It always amazes me how wound up people get about this subject. Often I think it is because we base our opinions on own religious beliefs and life experiences. But really it doesn’t matter what we believe. What matters is what Henry believed. He was an absolute monarch who believed he was in his position because of his divine right. One thing he was very good at was making laws and decrees according to how HE viewed the scriptures to be interpreted because he had something no one else had….he was appointed by God. He saw the Roman Catholics as usurpers so he took Rome out of the equation. God didn’t strike him dead….life carried on. He didn’t recognize his first marriage. Or for that matter his second, fourth and fifth. They were all annulled according to his God appointed view of the scriptures and the laws he or his royal predecessors put in place. So no, he wasn’t a bigamist.

    1. La Belle Creole says:

      I disagree. If Henry’s opinion is all that matters, then why should he bother marrying anyone? Marriage is not only a religious and social acknowledgment of a union, it is a legally binding contract between the bride and the groom. Either a person, king or commoner, is willing to honor a contract, or he is not.

  12. Shoshana says:

    In the 16th century the Pope was often called upon to dispense with the laws of the church and as G-d’s representative on earth, he had the power to do so. With the dispensation, Henry and Katherines’ marriage became legal and binding IN THE EYES OF THE CHURCH. However, under the laws of England, it might be a different matter. What did the laws of England say at the time? Does anyone know? Most often, the Church’s decisions were the basis of secular law so under English law, Henry most probaby was legally married to Katherine. That the annulment came after his marriage to Anne, most certainly made him a bigiamist up to the moment of Katherine’s death. If he had then remarried Anne, she would be his legal wife. I do not believe Anne was a homewrecker; Henry had made up his mind to get rid of Katherine before Anne came into the picture. When he turned his mind to having Anne, whether she wanted him or not became mute; he was King and he would have what he wanted. That she managed to hold him off for many years is amazing; he must have truly loved her at the time and only when she did not quickly provide him a son did his feelings change. Of course Anne encourged Henry in his pursuit of her; he was King and she knew he was capable of ruining her entire family, if not executing them all for any filmsy excuse. In many ways, Anne had no choice but to make the best of it; that she cared for him still amazes me but I do believe she also loved him. At the time of Katherine’s death, Henry was released by the laws of Church and man to do as he pleased. When he decided to rid himself of Anne, he had to accept any alleged affairs she may have had as truth because he had no other reason to divorce her except the same arguement he used with Katherine or admit he was a bigiamist. He had put himself in a difficult position and only through Anne’s death could he dig himself out of a deep hole. Henry was a man sho did not respect his wives or any woman; one can only wonder what happened to make him feel women so unworthy; yet at the same time, he made sure his daughters received outstanding educations. Other than education, he had very little respect and tolerance for women.Basically, Henry was a jerk who pitched tantrums, and got his way whenever he wanted and for what ever he wanted, and his poor wives were his victims.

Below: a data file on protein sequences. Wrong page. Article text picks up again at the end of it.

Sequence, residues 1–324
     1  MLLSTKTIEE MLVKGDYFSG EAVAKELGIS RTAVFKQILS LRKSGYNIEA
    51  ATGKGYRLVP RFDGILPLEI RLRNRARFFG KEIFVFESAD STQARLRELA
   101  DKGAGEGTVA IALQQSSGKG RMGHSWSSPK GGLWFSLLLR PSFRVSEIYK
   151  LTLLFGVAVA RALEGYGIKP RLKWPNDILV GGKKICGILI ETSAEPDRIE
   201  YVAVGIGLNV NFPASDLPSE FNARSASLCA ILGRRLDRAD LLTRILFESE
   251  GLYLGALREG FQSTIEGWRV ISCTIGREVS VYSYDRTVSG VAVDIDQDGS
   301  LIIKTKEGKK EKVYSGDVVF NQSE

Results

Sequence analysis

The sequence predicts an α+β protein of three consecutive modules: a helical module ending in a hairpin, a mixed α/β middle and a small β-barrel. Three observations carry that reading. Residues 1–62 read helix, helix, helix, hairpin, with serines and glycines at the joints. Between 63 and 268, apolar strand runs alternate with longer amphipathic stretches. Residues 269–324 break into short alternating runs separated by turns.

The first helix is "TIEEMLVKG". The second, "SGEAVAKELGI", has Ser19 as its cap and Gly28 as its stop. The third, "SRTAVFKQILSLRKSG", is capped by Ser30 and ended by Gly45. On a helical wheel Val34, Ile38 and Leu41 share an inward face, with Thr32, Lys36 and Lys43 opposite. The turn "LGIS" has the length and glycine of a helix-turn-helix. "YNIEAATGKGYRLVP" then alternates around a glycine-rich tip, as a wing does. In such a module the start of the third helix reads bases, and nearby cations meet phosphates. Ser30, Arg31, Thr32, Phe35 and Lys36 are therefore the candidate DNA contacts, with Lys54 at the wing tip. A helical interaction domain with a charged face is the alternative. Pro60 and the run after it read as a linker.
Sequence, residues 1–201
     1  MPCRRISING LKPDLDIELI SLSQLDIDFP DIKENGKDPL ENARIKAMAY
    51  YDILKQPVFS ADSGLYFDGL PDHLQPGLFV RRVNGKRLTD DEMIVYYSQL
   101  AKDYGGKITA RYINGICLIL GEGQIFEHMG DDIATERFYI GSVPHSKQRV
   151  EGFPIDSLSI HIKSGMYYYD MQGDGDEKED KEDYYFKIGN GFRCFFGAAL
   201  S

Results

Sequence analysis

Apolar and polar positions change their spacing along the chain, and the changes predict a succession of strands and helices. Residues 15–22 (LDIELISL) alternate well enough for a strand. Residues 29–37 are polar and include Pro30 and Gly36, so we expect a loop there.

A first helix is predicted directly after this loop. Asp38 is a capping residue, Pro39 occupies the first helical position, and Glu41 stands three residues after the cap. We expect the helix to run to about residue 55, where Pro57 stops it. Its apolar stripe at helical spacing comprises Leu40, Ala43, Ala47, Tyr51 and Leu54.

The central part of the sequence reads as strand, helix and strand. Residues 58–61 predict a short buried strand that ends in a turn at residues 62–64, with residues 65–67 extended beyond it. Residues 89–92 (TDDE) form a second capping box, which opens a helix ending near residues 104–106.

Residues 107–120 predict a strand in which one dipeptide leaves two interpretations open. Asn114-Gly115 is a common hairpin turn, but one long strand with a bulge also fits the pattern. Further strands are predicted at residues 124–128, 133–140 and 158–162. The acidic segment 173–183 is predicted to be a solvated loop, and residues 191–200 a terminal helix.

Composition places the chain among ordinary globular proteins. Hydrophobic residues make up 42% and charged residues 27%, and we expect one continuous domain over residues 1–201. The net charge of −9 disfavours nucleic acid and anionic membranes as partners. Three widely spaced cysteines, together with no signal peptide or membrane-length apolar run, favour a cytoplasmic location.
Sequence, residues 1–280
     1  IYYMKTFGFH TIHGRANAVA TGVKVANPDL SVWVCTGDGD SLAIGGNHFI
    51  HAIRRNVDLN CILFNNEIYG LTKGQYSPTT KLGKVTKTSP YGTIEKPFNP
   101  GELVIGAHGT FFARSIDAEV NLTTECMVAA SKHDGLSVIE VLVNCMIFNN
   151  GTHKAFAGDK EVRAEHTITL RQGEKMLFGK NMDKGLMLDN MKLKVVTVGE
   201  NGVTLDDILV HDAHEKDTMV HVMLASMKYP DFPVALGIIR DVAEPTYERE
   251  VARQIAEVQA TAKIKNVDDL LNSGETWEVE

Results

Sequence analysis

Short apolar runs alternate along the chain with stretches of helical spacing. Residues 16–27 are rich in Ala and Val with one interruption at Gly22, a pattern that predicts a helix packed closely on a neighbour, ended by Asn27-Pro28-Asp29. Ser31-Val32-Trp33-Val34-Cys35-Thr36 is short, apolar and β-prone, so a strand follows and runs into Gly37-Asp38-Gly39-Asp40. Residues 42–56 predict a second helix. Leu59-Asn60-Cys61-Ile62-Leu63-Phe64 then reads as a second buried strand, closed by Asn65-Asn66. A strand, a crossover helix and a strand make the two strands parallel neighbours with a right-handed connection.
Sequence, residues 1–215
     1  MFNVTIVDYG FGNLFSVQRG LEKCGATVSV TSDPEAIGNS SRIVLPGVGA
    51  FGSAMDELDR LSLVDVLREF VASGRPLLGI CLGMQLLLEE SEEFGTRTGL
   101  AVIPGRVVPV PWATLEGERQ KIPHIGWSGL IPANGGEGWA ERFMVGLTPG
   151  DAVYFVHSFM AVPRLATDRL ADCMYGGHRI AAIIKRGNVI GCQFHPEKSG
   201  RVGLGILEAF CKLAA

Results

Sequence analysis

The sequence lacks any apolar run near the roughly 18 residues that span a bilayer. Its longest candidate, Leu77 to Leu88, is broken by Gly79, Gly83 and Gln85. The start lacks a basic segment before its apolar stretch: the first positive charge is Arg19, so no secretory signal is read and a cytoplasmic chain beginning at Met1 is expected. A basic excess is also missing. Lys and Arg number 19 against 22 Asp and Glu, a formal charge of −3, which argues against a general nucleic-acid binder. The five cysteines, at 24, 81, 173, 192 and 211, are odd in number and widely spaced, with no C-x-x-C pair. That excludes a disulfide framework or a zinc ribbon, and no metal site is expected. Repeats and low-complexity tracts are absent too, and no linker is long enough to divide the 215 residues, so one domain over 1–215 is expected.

13. lisaannejane says:

    I know that if I were alive when Henry was king, if he said he was not legally married I would not quarrel with him. He did have a way of getting what he wanted.

  14. Tina says:

    I’m afraid he was a bigamist… But it just makes Henry & Anne’s beautiful love story even more exciting!!

    1. margaret says:

      it wasnt a love story ,it was a lust story

  15. Ceri C says: